Las Vegas Weekly

November 7, 2013

Las Vegas Weekly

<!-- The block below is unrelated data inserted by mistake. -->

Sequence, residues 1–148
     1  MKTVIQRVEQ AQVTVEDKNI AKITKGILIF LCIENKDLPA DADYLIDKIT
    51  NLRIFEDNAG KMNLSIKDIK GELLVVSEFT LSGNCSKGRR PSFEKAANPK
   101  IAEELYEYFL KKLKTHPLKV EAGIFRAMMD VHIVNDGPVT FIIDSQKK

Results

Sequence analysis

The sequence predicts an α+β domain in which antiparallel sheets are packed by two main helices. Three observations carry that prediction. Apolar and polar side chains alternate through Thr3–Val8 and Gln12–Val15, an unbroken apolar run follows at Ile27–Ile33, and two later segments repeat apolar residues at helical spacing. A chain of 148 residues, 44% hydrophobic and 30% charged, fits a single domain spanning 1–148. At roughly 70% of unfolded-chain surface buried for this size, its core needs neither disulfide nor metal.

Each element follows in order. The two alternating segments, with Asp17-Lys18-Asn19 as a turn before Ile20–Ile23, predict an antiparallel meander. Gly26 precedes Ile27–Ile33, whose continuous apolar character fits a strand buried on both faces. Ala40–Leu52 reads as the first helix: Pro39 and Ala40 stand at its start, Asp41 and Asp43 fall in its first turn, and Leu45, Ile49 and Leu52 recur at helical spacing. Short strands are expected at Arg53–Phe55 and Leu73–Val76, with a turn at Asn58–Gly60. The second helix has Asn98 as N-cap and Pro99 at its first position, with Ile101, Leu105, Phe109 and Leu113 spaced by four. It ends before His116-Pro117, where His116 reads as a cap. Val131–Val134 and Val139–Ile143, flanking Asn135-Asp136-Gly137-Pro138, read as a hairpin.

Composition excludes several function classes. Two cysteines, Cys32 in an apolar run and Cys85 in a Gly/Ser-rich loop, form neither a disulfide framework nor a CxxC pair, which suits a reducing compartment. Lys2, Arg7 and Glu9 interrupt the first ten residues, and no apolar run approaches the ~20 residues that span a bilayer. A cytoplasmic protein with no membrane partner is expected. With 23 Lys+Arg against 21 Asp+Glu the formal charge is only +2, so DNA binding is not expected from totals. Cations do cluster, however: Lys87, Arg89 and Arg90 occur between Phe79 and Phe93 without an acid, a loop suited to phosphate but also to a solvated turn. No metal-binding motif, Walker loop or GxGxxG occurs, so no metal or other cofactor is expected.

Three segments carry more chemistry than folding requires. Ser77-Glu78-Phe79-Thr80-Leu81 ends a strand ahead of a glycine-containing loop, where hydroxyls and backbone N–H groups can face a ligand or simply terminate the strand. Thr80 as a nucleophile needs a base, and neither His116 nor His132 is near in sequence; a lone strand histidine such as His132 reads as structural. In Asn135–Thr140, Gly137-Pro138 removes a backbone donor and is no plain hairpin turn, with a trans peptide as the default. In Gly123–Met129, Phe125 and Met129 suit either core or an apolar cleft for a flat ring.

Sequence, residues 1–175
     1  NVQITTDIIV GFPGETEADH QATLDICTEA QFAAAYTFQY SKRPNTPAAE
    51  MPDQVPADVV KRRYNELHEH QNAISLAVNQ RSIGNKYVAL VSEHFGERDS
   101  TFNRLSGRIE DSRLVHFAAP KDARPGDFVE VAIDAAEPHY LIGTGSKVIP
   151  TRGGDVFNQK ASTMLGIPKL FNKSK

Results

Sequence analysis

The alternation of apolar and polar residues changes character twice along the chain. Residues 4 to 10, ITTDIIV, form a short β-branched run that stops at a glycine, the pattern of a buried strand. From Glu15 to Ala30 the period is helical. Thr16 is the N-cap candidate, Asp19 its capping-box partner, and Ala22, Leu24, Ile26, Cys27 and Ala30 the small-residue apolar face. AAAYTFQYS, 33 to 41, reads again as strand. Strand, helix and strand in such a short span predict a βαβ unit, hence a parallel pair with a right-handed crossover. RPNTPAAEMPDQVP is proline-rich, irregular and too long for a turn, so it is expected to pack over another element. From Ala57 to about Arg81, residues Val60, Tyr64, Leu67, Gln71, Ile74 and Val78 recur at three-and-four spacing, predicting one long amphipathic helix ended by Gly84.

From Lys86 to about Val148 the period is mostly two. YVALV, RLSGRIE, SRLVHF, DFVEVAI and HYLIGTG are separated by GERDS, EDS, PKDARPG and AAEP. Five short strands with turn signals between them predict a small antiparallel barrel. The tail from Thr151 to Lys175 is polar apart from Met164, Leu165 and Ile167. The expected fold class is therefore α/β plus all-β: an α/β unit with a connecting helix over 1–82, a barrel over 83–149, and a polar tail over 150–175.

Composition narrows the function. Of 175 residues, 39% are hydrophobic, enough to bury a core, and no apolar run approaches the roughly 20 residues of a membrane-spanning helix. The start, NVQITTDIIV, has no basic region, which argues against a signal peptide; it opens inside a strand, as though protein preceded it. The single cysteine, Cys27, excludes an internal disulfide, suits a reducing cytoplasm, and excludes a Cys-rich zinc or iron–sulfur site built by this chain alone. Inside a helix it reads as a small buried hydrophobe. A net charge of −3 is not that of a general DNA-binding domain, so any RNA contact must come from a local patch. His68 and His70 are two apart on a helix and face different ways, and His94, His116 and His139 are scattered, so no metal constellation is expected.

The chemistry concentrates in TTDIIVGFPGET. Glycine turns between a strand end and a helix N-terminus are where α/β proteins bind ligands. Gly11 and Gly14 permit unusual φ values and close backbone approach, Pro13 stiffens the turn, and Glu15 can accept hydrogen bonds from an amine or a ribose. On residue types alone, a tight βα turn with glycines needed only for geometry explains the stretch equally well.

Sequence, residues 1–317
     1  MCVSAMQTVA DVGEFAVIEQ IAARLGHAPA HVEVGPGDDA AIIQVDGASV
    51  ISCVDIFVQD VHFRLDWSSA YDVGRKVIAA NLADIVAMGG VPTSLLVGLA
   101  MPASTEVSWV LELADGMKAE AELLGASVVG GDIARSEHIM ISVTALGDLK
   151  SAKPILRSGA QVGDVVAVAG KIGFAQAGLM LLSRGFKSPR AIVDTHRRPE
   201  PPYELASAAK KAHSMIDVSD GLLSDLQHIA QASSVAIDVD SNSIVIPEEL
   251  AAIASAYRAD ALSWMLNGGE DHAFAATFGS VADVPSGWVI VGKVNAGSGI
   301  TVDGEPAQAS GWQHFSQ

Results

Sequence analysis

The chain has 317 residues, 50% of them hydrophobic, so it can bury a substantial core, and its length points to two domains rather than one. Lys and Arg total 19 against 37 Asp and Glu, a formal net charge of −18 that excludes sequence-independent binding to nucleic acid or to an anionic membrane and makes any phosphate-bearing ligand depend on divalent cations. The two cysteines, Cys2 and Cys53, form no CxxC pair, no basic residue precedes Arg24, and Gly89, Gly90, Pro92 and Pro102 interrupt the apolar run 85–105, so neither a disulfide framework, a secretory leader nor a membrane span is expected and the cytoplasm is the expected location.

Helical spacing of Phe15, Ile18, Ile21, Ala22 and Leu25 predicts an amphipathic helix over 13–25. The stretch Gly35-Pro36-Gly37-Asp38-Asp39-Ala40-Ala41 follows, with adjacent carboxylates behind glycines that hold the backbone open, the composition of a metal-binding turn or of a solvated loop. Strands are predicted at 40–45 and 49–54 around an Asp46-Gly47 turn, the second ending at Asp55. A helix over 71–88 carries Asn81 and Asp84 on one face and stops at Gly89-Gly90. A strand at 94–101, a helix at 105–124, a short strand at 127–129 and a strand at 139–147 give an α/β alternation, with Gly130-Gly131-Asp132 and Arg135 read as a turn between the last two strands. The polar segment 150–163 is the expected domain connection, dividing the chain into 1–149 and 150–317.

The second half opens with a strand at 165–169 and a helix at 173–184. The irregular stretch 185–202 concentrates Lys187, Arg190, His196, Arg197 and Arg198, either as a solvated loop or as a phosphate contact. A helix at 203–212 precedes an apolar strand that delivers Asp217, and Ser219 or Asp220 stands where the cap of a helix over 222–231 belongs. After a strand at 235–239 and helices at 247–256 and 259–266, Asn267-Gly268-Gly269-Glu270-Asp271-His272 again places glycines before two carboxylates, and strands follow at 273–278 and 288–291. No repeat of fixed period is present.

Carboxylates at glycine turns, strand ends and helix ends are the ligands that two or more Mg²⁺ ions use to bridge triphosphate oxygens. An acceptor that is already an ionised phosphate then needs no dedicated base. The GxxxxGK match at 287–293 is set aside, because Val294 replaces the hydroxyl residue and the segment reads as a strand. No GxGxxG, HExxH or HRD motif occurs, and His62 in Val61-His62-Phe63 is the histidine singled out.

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7 . We have really good pizza now Just like the city's overall dining scene, the Vegas pizza universe has its own milestones of significance. In 1976, Carmine Vento started selling New York pizza by the slice at Villa Pizza in Commercial Center. In 1986, two other New Yorkers decided to switch things up, rechristening their Original New York Pizza shops as Metro Pizza. In 2005, Settebello brought authentic Pizza Napoletana from the birthplace of pizza, Naples, Italy, to our own Green Valley. And in 2013, we broadened our horizons sampling these four staggeringly delicious styles of pizza. Pepperoni at "Secret Pizza" Smoked Salmon at Novecento 5705 Cosmopolitan, 698-7860. The crust: Classic New York perfection, floppy and foldable, flavorful and fantastic. The crust at the hidden pizzeria is the biggest reason this not-so-secret joint lives up to the hype. The toppings: Spicy pepperoni bleeding its oily, flavor-packed essence into the tomato sauce and goldencrisp cheese bubbling onto the crust edge … what else do you need? Centennial Center Blvd. #170, 685-4900; 9460 S. Eastern Ave. #130, 485-2900. The crust: Ideal Neapolitan, light and super thin, fired to bubbly, slightly scorched perfection in 90 seconds in a 900-degree stone oven. The toppings: Decadent smoked salmon with capers, red onions, extra virgin olive oil and goat cheese— and no tomato sauce. Romanstyle Prosciutto E Rucola at Due Forni 3555 S. Sicilian at Five50 Pizza Bar Aria, 5907550. The crust: This hybrid combines styles and comes out big on chew and developed flavors with an airy-butsubstantial texture. The toppings: Savory pancetta, slightly bitter broccoli rabe, creamy white cheese, sweet red peppers and briny blasts of white anchovy. –Brock Radke Town Center Drive #105, 586-6500. The crust: Thin and crispy but also more firm and crackly than its Neapolitan counterpart—a truly unique bite. The toppings: Rich, smoked bufala mozzarella is amplified by buttery prosciutto San Daniele, fresh arugula and dark, sweet drizzles of vincotto. 8. This costs $7 The grand, often expensive cuisine of elite restaurants on the Strip grabs more than its share of the local dining spotlight, but fantastic cheap eats will always be a big part of the Las Vegas food scene. Sheridan Su might just be the poster boy for our city's delicious deals. After leaving big casino restaurants to strike out on his own, Su started his independent career serving addictive bao from a hair salon, and now his affordable dining emporium Fat Choy happily dishes up can't-miss gyoza ($6), bao stuffed with pork belly or Peking duck ($7), and bowls of sesame noodles ($8) sure to please. ¶ Of course, his aren't the only cost-effective eats around. Spring Mountain Road is a literal boulevard of discount dining, ranging from China Mama's crispy stir-fried beef ($12.95) and xiao long bao soup-filled dumpings ($8.95) to mee goreng fried noodles ($8) from Island Malaysian. Other outstanding ethnic options that won't break the bank include Prince's Serbian cevapi sausages ($8-$10); La Hacienda's outstanding parrillada de carne, a $35 tray of grilled meats that serves at least eight; and anything from Tijuana's Tacos El Gordo or Downtown's Venezuelan Viva Las Arepas. ¶ The major casinos offer relatively cheap eats, too, if you're ready to find them, like Estiatorio Milos' loss-leading three-course lunch ($22.13) and the $7.77 not-so-secret Gambler's Special of steak and grilled shrimp at Mr. Lucky's. Of course, Downtown Vegas standbys like the Golden Gate shrimp cocktail ($2.99) and the El Cortez prime rib special ($8.75) and Jackie burger ($5 with a beer!) are still going strong. –Jim Begley 20 LASVEGASWEEKLY.COM NOVEMBER 7–13, 2013 20-21_Feature_Dining_20131107.indd 20 "SECRET PIZZA" AND FIVE50 BY L.E. BASKOW; NOVECENTO AND DUE FORNI BY CHRISTOPHER DEVARGAS; FAT CHOY BY SAM MORRIS 11/6/13 4:32 PM

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